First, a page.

Farm Ireland

Saturday 21 April 2018

Breeding strategy key to making money on foals

Breeders must target their market and start with a top-quality mare

Caitriona Murphy

Caitriona Murphy

The clock is ticking and breeders across the country are anxiously awaiting the arrival of the 2013 crop of foals. For the majority, the foaling process will be natural and uneventful and it is hoped that the foals will grow and thrive over the coming months.

As soon as these foals hit the ground, however, their owners will be planning for their siblings set to follow in 2014.

The past year has been a difficult one for livestock of all kinds, with ever-increasing feed costs, atrocious weather and very little spring grass to be seen yet. The economic climate has affected the finances of buyers too, with all purchasers anxious to secure the best possible value for their money.

This year more than ever, breeders need to plan their breeding strategy in minute detail. The days of breeding without a plan are behind us.

At regional sport horse seminars held over the past year, dozens of breeding experts have given their own accounts of how to breed sound, attractive, athletic, but most importantly, profitable foals.

The common theme was that breeders must target their market and start with a top-quality mare. Their advice is applicable to all breeders, whether you are aiming for Olympic showjumping, four-star eventing, a sound and sensible riding club or hunting horse.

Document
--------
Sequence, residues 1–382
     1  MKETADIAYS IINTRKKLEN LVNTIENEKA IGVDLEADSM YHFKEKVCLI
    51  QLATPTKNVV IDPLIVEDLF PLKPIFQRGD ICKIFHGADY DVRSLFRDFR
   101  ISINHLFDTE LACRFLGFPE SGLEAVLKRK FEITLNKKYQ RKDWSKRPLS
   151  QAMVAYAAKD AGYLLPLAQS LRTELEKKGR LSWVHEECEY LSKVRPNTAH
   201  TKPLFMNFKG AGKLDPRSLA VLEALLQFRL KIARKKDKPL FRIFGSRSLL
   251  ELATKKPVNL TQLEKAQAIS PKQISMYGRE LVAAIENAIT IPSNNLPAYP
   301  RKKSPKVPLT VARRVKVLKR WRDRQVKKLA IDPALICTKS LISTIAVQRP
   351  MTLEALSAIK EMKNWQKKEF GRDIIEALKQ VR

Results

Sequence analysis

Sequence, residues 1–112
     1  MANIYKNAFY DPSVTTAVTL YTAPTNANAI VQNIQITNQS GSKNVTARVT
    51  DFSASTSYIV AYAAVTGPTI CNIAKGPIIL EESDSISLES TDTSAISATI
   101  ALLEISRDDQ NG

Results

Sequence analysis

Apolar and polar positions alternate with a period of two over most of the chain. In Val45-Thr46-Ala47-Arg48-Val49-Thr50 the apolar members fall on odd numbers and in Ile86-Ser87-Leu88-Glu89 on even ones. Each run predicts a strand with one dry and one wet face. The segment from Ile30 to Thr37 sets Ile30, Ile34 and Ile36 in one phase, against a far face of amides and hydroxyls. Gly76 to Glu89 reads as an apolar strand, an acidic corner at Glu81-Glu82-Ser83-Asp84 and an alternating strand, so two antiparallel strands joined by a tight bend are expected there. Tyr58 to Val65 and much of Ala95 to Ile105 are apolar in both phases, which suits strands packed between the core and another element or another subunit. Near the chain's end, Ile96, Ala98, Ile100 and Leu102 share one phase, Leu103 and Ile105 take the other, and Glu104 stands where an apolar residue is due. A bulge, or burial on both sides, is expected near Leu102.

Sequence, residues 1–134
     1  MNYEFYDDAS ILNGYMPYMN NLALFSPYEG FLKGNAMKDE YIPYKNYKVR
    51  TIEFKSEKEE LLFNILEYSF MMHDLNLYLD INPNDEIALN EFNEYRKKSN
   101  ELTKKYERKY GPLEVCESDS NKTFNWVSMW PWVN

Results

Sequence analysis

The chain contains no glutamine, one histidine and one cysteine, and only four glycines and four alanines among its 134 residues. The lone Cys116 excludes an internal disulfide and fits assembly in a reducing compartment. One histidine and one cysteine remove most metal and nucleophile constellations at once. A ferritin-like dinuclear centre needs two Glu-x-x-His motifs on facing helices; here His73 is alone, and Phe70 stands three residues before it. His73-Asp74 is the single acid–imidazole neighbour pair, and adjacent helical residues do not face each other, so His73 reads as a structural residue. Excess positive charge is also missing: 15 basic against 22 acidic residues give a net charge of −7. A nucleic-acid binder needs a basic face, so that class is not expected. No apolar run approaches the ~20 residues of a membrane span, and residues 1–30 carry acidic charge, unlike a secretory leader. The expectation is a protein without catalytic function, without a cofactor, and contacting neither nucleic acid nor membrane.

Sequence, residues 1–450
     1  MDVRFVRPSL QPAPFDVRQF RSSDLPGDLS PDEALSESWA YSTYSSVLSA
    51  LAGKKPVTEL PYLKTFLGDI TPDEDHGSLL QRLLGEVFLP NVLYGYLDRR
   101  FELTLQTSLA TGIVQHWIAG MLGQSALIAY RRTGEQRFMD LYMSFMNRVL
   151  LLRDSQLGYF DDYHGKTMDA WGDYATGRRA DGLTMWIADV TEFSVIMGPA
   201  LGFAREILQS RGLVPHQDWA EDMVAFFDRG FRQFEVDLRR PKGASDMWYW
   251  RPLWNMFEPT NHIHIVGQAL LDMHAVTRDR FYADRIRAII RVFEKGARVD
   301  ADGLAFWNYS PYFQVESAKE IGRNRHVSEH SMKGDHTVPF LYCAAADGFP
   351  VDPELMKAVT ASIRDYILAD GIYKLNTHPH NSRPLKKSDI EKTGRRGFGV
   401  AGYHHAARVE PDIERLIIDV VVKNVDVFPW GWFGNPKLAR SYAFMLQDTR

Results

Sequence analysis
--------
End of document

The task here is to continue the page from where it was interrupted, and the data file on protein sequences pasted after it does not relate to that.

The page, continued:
Before this year's crop of foals hits the ground, take some time to assess your broodmares and their potential.

Does your mare have the ability, conformation and temperament that you want to see in a foal? Have you chosen a stallion that will complement her? Are there buyers for the foal that she will produce?

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It may be worth asking a knowledgeable and experienced breeder to assess your stock with a colder and more clinical eye than your own.

Perhaps you could join a horse breeding discussion group to listen to other breeders and their strategies. Another alternative may be to enter your mare in the Horse Sport Ireland mare inspections this autumn. On completion of the inspection procedure, every mare owner is given a 'linear profile', detailing the positive and negative traits of each mare.

Today's special breeding feature includes some excellent advice on breeding management and nutrition for the lactating mare from Teagasc equine specialist Wendy Conlon and nutritionist Nia O'Malley from Connolly's Red Mills, which we hope will help all breeders in the coming weeks and months.

Also in the coming weeks, the Farming Independent will feature the stallions approved in the Horse Sport Ireland stallion inspections, which took place in Cavan Equestrian Centre last week.

Irish Independent